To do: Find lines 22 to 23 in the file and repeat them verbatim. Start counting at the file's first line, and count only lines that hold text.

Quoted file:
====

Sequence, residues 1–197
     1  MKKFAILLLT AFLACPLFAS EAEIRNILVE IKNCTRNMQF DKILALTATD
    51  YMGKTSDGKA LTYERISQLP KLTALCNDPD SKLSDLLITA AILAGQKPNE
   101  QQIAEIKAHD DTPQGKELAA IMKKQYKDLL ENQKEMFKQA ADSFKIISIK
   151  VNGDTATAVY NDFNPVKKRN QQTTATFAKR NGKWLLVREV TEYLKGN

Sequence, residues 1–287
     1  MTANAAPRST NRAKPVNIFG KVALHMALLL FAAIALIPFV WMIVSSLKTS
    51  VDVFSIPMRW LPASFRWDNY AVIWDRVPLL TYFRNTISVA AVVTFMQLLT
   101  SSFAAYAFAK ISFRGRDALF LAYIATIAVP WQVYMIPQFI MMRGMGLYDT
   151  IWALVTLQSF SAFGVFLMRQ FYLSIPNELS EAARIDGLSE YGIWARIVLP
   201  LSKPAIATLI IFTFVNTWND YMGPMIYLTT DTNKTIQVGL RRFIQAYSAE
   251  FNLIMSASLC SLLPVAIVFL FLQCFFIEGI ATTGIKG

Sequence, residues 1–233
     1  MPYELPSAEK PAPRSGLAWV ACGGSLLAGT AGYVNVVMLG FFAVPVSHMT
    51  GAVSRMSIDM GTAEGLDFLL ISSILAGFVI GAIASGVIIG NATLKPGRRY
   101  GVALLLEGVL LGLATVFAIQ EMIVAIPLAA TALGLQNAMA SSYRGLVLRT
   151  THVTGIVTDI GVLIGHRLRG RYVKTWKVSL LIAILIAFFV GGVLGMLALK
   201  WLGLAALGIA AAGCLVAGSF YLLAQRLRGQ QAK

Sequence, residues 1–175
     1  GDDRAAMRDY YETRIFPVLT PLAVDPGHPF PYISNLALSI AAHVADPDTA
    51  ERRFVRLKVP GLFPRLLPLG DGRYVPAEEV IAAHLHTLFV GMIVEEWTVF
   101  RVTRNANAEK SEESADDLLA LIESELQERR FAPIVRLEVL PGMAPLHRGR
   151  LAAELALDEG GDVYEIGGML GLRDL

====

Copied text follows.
   101  RVTRNANAEK SEESADDLLA LIESELQERR FAPIVRLEVL PGMAPLHRGR
   151  LAAELALDEG GDVYEIGGML GLRDL